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Separation should not be violent

Separation should not be violent
Highlights

Separation in any form is painful. A newly-married girl leaves her home to live with her husband amidst tearful scenes. A son leaves on a long sojourn...

Those who lived through the British era claimed that the British did a better job of governing India than its independent rulers. Politics had nothing to do with governance and law and order maintenance; corruption was not widespread and for most part communalism was under check.

Separation in any form is painful. A newly-married girl leaves her home to live with her husband amidst tearful scenes. A son leaves on a long sojourn to study abroad and again there are tears. These changes are inevitable, yet they signify separation which is sorrowful.

Vastly different are divisions of nations which once were united. For reasons of history, geography and politics, nations, from their composite form were separated causing anguish and, in most cases, bloodshed. India was one such painful example. The Sub-continent was divided in 1947 and many remember the resultant agony and bloodshed. Even today, Partition has cast a shadow, leading to difficult problems like the status of Kashmir which India legally claimed was its own. The cutting up of the Middle East to create the Zionist State of Israel proved to be the most serious political problem and created a war-like situation which refuses to go away. Likewise, the division of united Yugoslavia upset the balance of power in the Baltic States leading to the bloody Bosnia war involving Bosnia, Serbia, Croatia and Muslims of the region.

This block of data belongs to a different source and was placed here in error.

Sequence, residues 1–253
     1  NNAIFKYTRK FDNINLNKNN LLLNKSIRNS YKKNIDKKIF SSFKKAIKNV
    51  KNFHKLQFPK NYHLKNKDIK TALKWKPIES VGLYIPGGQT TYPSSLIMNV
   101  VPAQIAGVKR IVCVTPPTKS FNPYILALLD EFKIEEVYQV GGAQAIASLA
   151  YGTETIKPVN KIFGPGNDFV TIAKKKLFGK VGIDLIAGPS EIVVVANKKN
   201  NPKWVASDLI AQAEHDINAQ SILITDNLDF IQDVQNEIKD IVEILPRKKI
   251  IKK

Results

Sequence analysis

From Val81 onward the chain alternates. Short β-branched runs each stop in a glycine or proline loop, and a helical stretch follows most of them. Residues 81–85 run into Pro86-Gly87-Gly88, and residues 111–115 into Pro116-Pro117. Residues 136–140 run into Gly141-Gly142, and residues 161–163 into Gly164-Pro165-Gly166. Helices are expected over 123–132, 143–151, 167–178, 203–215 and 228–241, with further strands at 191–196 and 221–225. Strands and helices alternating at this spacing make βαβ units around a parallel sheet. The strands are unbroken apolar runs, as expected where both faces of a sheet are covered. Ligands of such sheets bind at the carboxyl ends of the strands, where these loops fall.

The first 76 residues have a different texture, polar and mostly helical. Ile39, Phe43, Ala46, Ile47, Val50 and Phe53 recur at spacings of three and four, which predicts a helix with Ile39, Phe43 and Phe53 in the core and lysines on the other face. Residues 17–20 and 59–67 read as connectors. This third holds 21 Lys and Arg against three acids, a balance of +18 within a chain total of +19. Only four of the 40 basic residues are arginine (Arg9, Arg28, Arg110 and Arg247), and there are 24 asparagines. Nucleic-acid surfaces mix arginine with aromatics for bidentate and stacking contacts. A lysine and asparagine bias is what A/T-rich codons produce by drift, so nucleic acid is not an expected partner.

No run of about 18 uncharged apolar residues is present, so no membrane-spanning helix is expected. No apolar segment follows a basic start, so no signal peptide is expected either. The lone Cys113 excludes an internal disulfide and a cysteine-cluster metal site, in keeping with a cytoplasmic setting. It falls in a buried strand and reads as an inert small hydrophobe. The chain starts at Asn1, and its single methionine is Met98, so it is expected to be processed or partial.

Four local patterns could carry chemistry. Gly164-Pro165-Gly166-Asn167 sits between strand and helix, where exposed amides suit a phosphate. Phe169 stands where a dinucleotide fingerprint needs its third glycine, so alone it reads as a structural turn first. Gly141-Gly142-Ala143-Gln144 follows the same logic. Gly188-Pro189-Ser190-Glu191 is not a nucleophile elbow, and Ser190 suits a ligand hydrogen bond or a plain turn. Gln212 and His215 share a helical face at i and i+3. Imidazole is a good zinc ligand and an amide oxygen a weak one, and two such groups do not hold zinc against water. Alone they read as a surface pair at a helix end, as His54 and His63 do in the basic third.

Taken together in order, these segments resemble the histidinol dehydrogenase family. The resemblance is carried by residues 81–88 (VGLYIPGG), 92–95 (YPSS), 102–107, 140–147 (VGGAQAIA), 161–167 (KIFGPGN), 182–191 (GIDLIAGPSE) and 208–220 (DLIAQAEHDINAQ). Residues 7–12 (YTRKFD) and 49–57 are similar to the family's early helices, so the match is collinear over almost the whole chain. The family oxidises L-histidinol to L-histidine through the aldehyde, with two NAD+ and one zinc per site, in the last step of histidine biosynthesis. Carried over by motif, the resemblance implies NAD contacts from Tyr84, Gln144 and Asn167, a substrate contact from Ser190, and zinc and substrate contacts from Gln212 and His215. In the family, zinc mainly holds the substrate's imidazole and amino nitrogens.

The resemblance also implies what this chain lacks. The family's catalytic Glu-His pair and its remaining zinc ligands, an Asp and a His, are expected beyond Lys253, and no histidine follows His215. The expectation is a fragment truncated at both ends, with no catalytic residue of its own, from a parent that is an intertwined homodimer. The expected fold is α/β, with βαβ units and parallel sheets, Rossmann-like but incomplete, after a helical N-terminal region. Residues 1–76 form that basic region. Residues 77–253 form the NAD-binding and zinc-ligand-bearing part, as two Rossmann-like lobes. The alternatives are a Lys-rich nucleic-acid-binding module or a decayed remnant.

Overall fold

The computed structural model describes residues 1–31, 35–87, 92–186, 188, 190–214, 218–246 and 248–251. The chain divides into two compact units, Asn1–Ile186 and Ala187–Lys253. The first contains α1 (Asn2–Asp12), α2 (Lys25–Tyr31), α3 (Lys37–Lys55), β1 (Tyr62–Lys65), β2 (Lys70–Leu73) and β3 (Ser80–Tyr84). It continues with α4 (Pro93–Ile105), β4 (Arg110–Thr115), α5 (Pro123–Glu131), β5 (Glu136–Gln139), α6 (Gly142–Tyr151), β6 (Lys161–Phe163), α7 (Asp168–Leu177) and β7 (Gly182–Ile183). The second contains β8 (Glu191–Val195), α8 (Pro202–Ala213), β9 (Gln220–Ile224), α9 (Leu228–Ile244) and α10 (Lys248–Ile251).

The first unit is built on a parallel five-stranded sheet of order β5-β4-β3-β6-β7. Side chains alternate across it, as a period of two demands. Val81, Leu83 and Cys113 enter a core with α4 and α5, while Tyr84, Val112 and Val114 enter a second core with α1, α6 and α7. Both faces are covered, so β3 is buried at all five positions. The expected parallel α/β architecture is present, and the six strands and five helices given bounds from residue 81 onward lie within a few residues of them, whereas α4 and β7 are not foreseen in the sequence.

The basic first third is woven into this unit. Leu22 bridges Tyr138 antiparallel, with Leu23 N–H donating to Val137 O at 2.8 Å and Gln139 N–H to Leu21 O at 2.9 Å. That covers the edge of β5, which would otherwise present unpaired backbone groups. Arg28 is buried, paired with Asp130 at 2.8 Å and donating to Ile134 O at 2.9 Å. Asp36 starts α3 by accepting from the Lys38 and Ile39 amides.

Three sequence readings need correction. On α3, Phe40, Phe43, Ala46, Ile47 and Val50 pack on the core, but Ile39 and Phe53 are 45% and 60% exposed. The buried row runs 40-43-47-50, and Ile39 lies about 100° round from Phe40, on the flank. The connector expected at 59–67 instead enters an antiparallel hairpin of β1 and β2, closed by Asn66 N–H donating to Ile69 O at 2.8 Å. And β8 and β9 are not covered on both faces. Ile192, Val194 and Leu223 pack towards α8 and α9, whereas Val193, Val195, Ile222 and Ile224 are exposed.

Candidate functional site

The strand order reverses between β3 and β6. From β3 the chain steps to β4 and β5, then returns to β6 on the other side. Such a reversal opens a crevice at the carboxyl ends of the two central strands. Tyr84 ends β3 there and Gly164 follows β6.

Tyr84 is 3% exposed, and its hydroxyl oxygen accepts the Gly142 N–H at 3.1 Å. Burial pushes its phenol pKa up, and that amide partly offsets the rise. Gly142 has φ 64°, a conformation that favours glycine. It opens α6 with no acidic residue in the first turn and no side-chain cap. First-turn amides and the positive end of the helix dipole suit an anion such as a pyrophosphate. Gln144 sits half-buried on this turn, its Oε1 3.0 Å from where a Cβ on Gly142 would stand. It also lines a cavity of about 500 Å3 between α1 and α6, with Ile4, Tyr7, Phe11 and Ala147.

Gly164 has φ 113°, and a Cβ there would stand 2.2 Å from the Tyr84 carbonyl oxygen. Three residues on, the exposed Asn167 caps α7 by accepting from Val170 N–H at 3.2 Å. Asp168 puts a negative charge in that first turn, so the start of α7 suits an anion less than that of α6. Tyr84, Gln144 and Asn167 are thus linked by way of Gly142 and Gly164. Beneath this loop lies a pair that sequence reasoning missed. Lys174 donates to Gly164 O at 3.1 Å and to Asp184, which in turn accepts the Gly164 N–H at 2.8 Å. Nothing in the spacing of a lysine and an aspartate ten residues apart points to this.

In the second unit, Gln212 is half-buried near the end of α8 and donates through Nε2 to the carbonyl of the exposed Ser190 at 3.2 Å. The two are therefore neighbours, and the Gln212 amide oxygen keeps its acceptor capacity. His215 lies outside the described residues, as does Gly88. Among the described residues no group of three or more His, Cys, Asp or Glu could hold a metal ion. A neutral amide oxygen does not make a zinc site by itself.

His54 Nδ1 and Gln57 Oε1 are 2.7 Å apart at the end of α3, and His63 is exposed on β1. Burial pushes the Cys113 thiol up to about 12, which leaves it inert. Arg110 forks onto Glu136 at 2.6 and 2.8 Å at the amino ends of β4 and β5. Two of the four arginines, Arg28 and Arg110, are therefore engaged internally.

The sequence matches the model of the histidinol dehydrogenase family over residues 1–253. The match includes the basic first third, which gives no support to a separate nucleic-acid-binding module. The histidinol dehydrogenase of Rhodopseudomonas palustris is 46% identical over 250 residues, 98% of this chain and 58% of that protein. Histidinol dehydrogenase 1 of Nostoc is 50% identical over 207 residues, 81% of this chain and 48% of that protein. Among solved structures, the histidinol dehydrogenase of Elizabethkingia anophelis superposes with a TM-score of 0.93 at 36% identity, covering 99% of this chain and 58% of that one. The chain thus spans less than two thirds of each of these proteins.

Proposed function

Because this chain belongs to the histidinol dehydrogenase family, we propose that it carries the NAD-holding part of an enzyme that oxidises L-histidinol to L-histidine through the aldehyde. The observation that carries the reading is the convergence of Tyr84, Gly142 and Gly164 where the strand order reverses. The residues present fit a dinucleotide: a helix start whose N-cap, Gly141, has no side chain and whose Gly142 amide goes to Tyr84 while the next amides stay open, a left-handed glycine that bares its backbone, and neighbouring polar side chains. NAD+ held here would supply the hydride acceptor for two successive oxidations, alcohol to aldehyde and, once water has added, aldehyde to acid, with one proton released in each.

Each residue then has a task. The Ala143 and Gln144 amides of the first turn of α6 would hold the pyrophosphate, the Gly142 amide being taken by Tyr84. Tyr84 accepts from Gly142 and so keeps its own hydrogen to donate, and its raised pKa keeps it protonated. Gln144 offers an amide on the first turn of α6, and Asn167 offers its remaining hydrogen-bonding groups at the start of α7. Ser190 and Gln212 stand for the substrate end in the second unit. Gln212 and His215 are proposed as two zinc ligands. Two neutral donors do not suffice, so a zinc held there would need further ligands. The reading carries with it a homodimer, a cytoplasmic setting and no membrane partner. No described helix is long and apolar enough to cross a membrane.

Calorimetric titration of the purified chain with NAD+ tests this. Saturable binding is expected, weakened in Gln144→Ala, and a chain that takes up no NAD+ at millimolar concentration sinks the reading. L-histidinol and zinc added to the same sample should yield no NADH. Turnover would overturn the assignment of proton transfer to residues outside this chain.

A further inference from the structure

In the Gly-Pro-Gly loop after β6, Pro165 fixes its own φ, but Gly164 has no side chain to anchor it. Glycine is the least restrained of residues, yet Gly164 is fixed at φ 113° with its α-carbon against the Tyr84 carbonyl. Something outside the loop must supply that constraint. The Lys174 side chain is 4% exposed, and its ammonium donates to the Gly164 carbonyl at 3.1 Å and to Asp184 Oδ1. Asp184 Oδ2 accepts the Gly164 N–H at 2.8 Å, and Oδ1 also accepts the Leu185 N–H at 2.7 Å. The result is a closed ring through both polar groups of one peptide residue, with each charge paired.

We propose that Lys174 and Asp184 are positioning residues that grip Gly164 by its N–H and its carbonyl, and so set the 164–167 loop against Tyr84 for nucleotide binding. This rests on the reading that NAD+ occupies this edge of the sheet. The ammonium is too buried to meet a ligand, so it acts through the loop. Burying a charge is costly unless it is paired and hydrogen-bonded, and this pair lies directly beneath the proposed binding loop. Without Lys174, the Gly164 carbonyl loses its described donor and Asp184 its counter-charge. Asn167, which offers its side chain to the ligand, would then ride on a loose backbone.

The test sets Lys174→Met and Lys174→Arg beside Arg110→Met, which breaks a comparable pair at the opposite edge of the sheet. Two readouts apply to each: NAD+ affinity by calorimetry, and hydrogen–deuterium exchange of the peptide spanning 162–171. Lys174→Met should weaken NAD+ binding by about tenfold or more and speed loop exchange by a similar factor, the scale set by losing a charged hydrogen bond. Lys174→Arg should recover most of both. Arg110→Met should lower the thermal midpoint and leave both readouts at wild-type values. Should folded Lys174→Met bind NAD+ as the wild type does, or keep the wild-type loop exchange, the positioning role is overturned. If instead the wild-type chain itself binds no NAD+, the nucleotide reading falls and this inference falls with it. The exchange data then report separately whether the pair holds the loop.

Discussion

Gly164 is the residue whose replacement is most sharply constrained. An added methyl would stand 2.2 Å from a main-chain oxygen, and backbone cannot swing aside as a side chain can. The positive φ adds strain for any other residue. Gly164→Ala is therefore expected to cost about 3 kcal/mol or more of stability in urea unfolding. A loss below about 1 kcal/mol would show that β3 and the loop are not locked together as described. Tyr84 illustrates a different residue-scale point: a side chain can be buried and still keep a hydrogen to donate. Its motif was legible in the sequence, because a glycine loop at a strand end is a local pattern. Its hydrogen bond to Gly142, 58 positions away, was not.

Politics of separation have kept the world in turmoil in many regions and in many instances violence marred the process. Nations which became independent had to face problems from regions which, for one reason or another, demanded separation. They wanted to be free from being part of big States which denied them their due and be independent States. India is no exception to this practice. The British ruled India, which they divided into four huge Presidencies each under a Governor who was invested with enormous powers and reported directly to the Viceroy. Those who lived through the British era claimed that the British did a better job of governing India than its independent rulers. Politics had nothing to do with governance and law and order maintenance; corruption was not widespread and for most part communalism was under check.

Once India got independence, the old system had to go and the States Reorganization process saw the country being divided on the basis of language. India was unlucky to be saddled with hundreds of languages and thousands of dialects. Some of the States were found to be too big and unwieldy. The border regions in some States wanted alternate arrangements because of what they perceived to be discrimination. The original Madras Presidency yielded four States, including Andhra, formed after death of freedom fighter Potti Sriramulu. Bombay Presidency was split into Maharashtra and Gujarat and no one could easily forget the bloody tussle over the inclusion of Bombay in Maharashtra. Hundreds of people died in the Samyukta Maharashtra movement and even a popular leader like Jawaharlal Nehru had to change his view that Bombay, because of its cosmopolitan nature, should be ruled directly by the Centre.

Maharashtra and Karnataka fought over Belgaum; Kerala and Karnataka fought over Kasargode and most of this happened because politicians tended to favour certain regions and discriminated against others. While Mumbai gloried as the financial capital of India, the nearby region of Vidarbha became notorious for a large number of farmers’ suicides caused by unbalanced regional development.